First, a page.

When the Janissaries on guard informed him that the Sultan's Chaszeki Aga had arrived and wanted to speak to him, he drily replied:

"He can wait. I must attend to worthier men than he first of all."

And who, then, were these worthier men?

Well, first of all there was the old master-cobbler, Suleiman, whom they had dragged by force from his house where he had been hiding under the floor. Halil now ordered a document to be drawn up, whereby he elevated him to the rank of Reis-Effendi.

Halil Patrona, by the way, was still wearing his old Janissary uniform, the blue dolman with the salavari reaching to the knee, leaving the calves bare. The only difference was that he now wore a white heron's feather in his hat instead of a black one, and by his side hung the sword of the Grand Vizier, whose[Pg 157] palace in the Galata suburb he had levelled to the ground only an hour before.

It was with the signet in the hilt of this sword that Halil was now sealing all the public documents issued by him.

After Suleiman came Muhammad the saddle-maker. He was a sturdy, muscular fellow, who could have held his own against any two or three ordinary men. Him Halil appointed Aga.

Then came a ciaus called Orli, whom he made chief magistrate. Ibrahim, a whilom schoolmaster, who went by the name of "the Fool," he made chief Cadi of Stambul, and then catching sight of Sulali, he beckoned him forth from among the ciauses and said to him:

"Thou shalt be the Governor-General of Anatolia."

Sulali bowed to the ground by way of acknowledgment of such graciousness.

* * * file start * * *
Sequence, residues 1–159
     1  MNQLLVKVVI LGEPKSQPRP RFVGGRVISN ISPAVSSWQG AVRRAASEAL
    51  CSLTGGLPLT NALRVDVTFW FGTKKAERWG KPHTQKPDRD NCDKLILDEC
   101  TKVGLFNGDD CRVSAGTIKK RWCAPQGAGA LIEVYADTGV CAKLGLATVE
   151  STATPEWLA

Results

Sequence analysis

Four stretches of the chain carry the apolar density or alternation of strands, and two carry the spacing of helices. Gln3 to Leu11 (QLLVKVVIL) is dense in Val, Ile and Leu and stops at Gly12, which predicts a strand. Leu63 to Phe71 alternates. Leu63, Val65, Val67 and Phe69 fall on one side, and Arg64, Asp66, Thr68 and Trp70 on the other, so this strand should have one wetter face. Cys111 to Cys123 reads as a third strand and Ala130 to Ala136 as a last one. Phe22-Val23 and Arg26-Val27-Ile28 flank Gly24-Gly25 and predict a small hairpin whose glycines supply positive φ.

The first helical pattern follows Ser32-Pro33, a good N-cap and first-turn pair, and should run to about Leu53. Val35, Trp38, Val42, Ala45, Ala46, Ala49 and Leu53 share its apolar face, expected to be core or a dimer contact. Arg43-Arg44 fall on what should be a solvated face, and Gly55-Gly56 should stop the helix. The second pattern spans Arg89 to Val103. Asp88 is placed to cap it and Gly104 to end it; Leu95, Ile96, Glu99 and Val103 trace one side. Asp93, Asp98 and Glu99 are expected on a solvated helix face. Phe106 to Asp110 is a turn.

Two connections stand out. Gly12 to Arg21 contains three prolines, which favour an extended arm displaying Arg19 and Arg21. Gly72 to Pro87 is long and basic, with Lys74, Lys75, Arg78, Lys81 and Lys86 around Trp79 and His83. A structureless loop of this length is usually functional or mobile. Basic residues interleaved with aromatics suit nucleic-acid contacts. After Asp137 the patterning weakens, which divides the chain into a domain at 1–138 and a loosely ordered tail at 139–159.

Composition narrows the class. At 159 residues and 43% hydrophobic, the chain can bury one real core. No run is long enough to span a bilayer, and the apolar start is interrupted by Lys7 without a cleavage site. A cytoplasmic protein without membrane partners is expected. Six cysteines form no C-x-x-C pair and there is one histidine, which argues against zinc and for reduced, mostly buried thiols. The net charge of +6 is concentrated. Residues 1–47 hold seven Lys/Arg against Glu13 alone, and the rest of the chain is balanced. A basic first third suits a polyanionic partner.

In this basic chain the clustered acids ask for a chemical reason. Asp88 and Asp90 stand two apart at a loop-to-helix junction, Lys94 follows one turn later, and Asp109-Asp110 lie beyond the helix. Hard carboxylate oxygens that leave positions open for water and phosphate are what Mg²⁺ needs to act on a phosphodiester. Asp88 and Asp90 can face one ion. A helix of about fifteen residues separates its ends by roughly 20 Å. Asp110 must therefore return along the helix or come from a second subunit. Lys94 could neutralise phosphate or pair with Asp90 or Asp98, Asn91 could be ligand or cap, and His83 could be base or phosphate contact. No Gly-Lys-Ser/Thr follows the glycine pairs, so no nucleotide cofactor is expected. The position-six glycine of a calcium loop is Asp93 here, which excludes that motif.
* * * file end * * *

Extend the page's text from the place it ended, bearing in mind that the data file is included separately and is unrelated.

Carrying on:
"I thank thee, Halil! Make of me what thou wilt, but listen, first of all, to the message of the Padishah which he has entrusted to me, for I am in very great doubt whether it be thou or Sultan Achmed who is now Lord of all the Moslems. Tell me, therefore, what thou dost require of the Sultan, and if thy demands be lawful and of good report they shall be granted, provided that thou dost promise to disperse thy following."[Pg 158]

Then Halil Patrona stood up before the Sulali, and with a severe and motionless countenance answered:

"Our demands are few and soon told. We demand the delivery to us of the four arch-traitors who have brought disaster upon the realm. They are the Kul Kiaja, the Kapudan Pasha, the Chief Mufti, and the Grand Vizier."

Sulali fell to shaking his head.

"You ask much, Halil!"

"I ask much, you say. To-morrow I shall ask still more. If you agree to my terms, to-morrow there shall be peace. But if you come again to me to-morrow, then there will be peace neither to-morrow nor any other morrow."

Sulali returned to the Sultan and his ministers who were still all assembled together.

Full of suspense they awaited the message of Halil.

Sulali dared not say it all at once. Only gradually did he let the cat out of the bag.

"I have found out the demands of the insurgents," said he. "They demand that the Kiaja Beg be handed over to them."

The Kiaja suddenly grew paler than a wax figure.

"Such a faithful old servant as he has been to me too," sighed Achmed. "Well, well, hand him over, and now I hope they will be satisfied."[Pg 159]

With tottering footsteps the Kiaja stepped among the bostanjis.

"They demand yet more," said Sulali.

"What! more?"

"They demand the Kapudan Pasha."

"Him also. My most valiant seaman!" exclaimed Achmed sorrowfully.

"Mashallah!" cried the Kapudan cheerfully, "I am theirs," and with a look of determined courage he stepped forth and also joined the bostanjis. "Weep not on my account, oh Padishah! A brave man is always ready to die a heroic death in the place of danger, and shall I not, moreover, be dying in your defence? Hale us away, bostanjis; do not tremble, my sons. Which of you best understands to twist the string? Come, come, fear nothing, I will show you myself how to arrange the silken cord properly. Long live the Sultan!"